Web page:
Tuesday, 5 April 2016


New Zealander Helen Clark to run for the United Nations top post

The worst kept secret of 2015 and 2016 has been confirmed as fact. Former New Zealand Prime Minister Helen Clark has been nominated by the New Zealand Government for the position of Secretary-General of the United Nations.

Helen Clark
So who is Helen Clark, and is she capable of becoming the first woman to lead the world’s most important international organization?

The Right Honourable Helen Elizabeth Clark ONZ SSI was born on 26 February 1950, at Te Pahu, near Hamilton, New Zealand, the oldest daughter of a farmer and a teacher. She attended Te Pahu Primary School, Epsom Girls Grammar School (Auckland) and the University of Auckland. She majored in politics and graduated MA with Honours.

Her long political career began while she was just a teenager, as a protestor against the war in Vietnam. In 1971 she campaigned for local government Labour Party candidates and in 1973 became a lecturer in politics at the University of Auckland. She was not deterred by a failed bid for a parliamentary seat in 1975 and was successful in the Mount Albert seat in 1981 and held the seat continuously until resigning to become Administrator of the United Nations Development fund in 2009.

But Helen Clark’s achievements during the intervening 28 years, 1981-2009, were considerable. She rose quickly to Cabinet rank in the fourth Labour Government, serving as Minister of Conservation, Housing, Labour, and Health before becoming Deputy Prime Minister in 1989. Labour lost office in 1990 and she became Deputy Leader of the Opposition. After another Labour defeat in 1993 she challenged Mike Moore for the party leadership and won. Labour lost again at the 1996 elections.

Helen Clark continued to hold the party leadership, against the odds, and succeeded in winning enough seats in 1999 to form a coalition government with the Alliance Party, thereby becoming the first elected New Zealand female Prime Minister, defeating Jenny Shipley who had earlier ousted National’s Jim Bolger in a caucus coup.

Clark’s rise to the premiership represented the role that she seemed born to and determined to reach. Her leadership style developed strongly and she ran a tight administration for the next nine years, even though it was always a minority government with changing coalition partners. She survived several political scandals involving ministers, but her style was refreshing. She had no time for favouritism and ministers who failed were ousted. Even the Commissioner of Police was obliged to fall on his sword after allegations of wrong-doing.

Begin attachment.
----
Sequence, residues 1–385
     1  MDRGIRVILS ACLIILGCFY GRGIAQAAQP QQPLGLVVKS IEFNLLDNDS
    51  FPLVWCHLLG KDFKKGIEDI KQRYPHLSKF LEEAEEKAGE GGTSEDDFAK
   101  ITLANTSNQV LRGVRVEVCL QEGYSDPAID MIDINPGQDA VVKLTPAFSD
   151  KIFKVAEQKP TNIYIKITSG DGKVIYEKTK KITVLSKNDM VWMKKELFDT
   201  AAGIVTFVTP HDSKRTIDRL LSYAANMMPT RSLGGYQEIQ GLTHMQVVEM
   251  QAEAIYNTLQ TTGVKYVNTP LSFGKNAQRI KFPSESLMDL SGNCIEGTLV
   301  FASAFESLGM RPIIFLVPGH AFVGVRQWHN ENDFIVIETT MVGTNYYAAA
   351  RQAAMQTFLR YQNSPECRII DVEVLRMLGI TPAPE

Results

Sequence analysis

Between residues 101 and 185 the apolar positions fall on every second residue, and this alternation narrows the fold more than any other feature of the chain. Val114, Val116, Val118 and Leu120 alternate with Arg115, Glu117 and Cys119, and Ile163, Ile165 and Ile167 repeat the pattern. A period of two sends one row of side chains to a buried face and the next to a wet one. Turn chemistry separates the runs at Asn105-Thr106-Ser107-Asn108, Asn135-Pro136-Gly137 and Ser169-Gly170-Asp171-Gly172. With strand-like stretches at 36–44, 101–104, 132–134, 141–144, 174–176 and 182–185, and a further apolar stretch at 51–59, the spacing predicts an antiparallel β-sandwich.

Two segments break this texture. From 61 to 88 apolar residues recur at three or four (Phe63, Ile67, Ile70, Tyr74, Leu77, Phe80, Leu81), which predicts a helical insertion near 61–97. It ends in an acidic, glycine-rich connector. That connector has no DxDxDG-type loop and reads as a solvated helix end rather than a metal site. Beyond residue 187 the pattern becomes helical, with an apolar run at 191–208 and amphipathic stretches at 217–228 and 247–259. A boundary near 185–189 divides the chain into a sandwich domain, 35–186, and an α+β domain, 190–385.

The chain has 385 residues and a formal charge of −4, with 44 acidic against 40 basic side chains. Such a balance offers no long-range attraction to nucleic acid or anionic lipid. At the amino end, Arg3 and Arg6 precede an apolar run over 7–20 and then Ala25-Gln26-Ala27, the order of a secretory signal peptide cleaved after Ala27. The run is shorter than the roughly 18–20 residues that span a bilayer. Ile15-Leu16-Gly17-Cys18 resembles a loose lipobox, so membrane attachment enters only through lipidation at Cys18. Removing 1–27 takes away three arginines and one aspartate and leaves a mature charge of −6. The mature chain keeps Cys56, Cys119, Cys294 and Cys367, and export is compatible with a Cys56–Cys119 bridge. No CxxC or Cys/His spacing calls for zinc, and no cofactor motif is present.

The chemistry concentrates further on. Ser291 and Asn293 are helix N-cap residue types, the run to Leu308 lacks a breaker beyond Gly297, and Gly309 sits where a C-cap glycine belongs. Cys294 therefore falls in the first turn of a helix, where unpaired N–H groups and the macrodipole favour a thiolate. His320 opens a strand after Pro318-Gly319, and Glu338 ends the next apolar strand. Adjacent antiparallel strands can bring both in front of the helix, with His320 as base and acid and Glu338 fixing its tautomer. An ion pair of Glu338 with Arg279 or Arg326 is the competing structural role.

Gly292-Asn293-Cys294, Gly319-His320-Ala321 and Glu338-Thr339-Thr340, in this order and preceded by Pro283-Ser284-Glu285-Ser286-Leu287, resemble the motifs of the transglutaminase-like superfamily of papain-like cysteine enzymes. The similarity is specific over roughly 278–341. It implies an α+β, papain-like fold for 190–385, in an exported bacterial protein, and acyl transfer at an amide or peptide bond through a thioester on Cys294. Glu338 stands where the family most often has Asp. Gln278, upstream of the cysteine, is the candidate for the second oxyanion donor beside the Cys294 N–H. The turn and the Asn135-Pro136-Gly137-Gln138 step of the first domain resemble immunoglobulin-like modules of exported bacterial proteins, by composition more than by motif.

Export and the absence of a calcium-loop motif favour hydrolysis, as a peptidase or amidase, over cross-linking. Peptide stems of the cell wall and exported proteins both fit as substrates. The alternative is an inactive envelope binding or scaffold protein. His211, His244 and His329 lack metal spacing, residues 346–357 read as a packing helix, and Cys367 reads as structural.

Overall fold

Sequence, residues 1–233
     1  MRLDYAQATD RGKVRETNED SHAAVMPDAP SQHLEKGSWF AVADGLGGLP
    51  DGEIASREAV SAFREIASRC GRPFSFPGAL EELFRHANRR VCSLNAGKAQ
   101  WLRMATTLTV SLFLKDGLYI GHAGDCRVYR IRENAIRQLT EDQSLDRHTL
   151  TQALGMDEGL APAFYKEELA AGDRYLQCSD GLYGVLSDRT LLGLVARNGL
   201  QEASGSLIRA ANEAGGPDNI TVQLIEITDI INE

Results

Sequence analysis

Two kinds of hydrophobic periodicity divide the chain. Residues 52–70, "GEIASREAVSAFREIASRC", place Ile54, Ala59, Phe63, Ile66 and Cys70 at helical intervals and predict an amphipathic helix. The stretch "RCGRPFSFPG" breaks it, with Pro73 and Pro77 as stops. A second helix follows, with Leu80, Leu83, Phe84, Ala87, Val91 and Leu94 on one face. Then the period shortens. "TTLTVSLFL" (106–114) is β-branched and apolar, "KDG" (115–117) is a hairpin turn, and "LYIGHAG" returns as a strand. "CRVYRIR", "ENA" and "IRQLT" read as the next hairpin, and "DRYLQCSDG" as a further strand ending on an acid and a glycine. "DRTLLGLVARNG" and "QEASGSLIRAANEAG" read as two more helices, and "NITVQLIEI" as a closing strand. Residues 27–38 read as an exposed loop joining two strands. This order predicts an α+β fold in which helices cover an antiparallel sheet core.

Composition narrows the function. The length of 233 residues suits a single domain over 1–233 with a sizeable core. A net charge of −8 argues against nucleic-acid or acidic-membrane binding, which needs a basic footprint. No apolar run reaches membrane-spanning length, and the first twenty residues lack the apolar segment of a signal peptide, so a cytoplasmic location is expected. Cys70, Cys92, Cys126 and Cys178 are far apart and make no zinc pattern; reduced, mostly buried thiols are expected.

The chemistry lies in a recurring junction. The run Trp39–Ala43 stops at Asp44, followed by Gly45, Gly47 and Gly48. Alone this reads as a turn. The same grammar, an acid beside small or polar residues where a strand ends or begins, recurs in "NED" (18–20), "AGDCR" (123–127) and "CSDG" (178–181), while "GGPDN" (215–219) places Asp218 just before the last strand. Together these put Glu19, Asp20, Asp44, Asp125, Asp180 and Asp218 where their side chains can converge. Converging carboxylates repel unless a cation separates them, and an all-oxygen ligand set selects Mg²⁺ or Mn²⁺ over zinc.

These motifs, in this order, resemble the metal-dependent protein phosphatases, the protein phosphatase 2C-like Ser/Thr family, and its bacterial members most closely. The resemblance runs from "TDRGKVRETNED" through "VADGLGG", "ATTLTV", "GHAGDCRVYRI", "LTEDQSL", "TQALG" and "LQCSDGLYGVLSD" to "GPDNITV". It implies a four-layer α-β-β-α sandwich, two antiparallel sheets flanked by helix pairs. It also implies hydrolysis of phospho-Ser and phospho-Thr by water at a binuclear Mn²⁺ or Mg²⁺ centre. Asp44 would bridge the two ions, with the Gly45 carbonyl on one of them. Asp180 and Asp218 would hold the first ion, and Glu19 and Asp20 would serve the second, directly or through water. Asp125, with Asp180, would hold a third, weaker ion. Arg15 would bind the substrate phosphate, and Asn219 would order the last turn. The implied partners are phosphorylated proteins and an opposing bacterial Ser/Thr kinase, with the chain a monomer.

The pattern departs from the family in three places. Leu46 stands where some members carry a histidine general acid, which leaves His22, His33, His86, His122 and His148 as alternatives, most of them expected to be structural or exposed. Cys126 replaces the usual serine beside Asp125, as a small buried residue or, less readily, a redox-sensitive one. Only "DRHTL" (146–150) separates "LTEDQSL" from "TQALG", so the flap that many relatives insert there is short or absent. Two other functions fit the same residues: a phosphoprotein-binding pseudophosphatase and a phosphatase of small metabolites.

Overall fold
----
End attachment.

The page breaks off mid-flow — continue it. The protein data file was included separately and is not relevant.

The achievements of her government were wide-ranging. With her Minister of Finance, Michael Cullen, she kept the New Zealand economy strong and introduced many reforms. The community-owned bank Kiwibank was established, the New Zealand Superannuation Fund and Kiwisaver were established, the national rail network came under government ownership again and Air New Zealand was rescued from collapse by the government injecting capital taking a majority shareholding in the company. The Supreme Court of New Zealand was established to replace appeals to the London-based Privy Council. Numerous Labour Party social policies were carried into law, including a major reform of the public health service. Clark was also one of the original three leaders that initiated what later became the Trans Pacific Partnership Agreement.

In spite of nine years of strong and progressive government, 2008 turned out to be a difficult year economically for Labour as the country slipped into severe recession along with much of the rest of the world. To add to the government’s misfortune was the rise of the popular Leader of the Opposition, John Key. On the day, Key and National secured 45% of the vote to Labour’s 34%.

Peter Blakeborough with his latest book
Never one to be indecisive or to ignore reality, Helen Clark conceded defeat on election night and announced at the same time that she would resign the leadership of the party she had led for 15 years. She had been Labour’s first female leader and had led the party longer than any other leader. Two months later she was voted the Greatest Living New Zealander in a poll run by the New Zealand Herald.

In April 2009, Helen Clark became the Administrator of the United Nations Development Programme. During her seven years with the Programme she has travelled widely to many of the world’s poorer countries. She is currently ranked at number three in the United Nations hierarchy. In her bid to step up to the top post, her greatest supporter is her former political rival, current New Zealand Prime Minister John Key.

To return to the opening question, is she capable of becoming the first woman to lead the world’s most important international organisation? In a word, yes. In two words, yes absolutely. Helen Clark, it was said a long time ago, was born to be New Zealand Prime Minister. But it goes further than that. She was born to lead the world, and she was born to be the diplomat of our time. Of that, this writer has no doubt.

 Here is an excellent interview with Helen Clark today. It was videoed outside the United Nations Headquarters on the windy New York day, so the the sound quality is at times a little difficult, but it is a great interview with a wonderful New Zealander running for the world's top diplomatic post.

Helen Clark